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Source: Massey University

Mikaela Nyman, Massey’s College of Humanities and Social Sciences Visiting Artist for 2021.

Mikaela Nyman, poet, novelist and non-fiction writer from the autonomous, demilitarised Åland Islands in Finland, is taking up residency in Manawatū in March as Massey University’s Visiting Artist for 2021.   

Massey creative writing lecturers Dr Thom Conroy and Dr Laura Jean McKay selected Ms Nyman from a sensational shortlist of international and national writers, and are delighted she will be the visting artist.

The visiting artist residency programme is a partnership formed by Massey’s College of Humanities and Social Sciences in collaboration with the Palmerston North City Council and Square Edge Community Arts. The programme was established in 2004 and is open to emerging and established writers.

Ms Nyman, currently based in New Plymouth, will dedicate her time in the Manawatū to two projects: her first poetry collection in English, and editing a memoir by a Vanuatu writer. The poetry collection is tentatively entitled The Anatomy of Sand,while the memoir offers “a rare woman’s perspective to existing historical and colonial accounts of Vanuatu.”

2021 will also see the publication of a much-anticipated anthology of Vanuatu women’s writing Sista, Stanap Strong! (VUP), which she co-edited with Rebecca Tobo Olul-Hossen. The book arises out of Ms Nyman’s long-standing collaboration with ni-Vanuatu writers.

Ms Nyman draws on life-changing experiences for her writing, including a four-year stint living in Vanuatu where she survived a cyclone, and the impact of a sister’s death. Set in 2015 in Port Vila, Vanuatu, her novel, titled Sado, narrates a moving and courageous story in the wake of the category-5 Cyclone Pam that caused widespread destruction.

“As the original launch of Sado was side-lined by the 2020 lockdown, we are especially pleased to co-host a celebration of Sado for Off the Page on Friday, 26 March at the Palmerston North City Library,” says Dr Conroy.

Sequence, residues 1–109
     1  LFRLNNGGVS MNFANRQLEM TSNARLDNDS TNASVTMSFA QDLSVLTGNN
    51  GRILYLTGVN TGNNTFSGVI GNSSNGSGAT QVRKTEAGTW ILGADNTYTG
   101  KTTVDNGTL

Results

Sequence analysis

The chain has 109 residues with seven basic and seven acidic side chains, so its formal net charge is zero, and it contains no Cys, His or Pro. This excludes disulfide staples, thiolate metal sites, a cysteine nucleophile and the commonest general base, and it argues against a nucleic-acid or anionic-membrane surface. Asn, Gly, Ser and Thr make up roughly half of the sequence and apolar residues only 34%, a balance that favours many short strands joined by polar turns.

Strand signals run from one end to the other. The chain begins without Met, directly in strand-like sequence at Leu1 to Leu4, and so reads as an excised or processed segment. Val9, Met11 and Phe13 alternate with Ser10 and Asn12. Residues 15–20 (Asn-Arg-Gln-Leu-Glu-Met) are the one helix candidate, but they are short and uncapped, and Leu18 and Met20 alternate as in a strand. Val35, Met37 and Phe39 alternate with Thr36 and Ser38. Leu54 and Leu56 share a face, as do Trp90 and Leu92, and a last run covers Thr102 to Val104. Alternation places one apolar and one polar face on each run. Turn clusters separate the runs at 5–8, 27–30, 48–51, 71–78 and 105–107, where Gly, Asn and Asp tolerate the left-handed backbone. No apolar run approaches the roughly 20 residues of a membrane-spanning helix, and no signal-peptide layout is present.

In a 2020 Spinoff review, Vanuatu writer Rebecca Tobo Olul-Hossen described Ms Nyman’s novel as one of the first books I have picked up where I could see a bit of myself and others around me, as well as our individual and combined experiences written in print,” adding that “Sado’s contribution to the literary scene in Vanuatu, through the telling of stories about an experience that unites a nation, cannot be overstated.”

“Focused on the devasting impact of Tropical Cyclone Pam in Vanuatu and the intersection of cultures in the Pacific, Nyman’s debut novel Sado couldn’t be more timely,” according to Drs Conroy and McKay. “Her writing beautifully intertwines issues related to climate change with urgent ethical questions about intercultural collaboration and cooperation.”

During a busy time in Vanuatu managing the New Zealand’s aid response to tropical cyclone Pam, Ms Nyman was excited to come across local poets. Her discovery inspired to share her knowledge and find out about other ni-Vanuatu writers.

“I’ve shared my writing, my knowledge and skills with emerging ni-Vanuatu women writers, facilitating creative writing workshops and collaborative poetry events, in order to find my place in the world and enable ni-Vanuatu writers to grow as writers and see their work published,” she says.

During her residency, Ms Nyman plans to work with Massey’s creative writing students and to facilitate writing workshops for Manawatū’s migrant and Pasifika communities.

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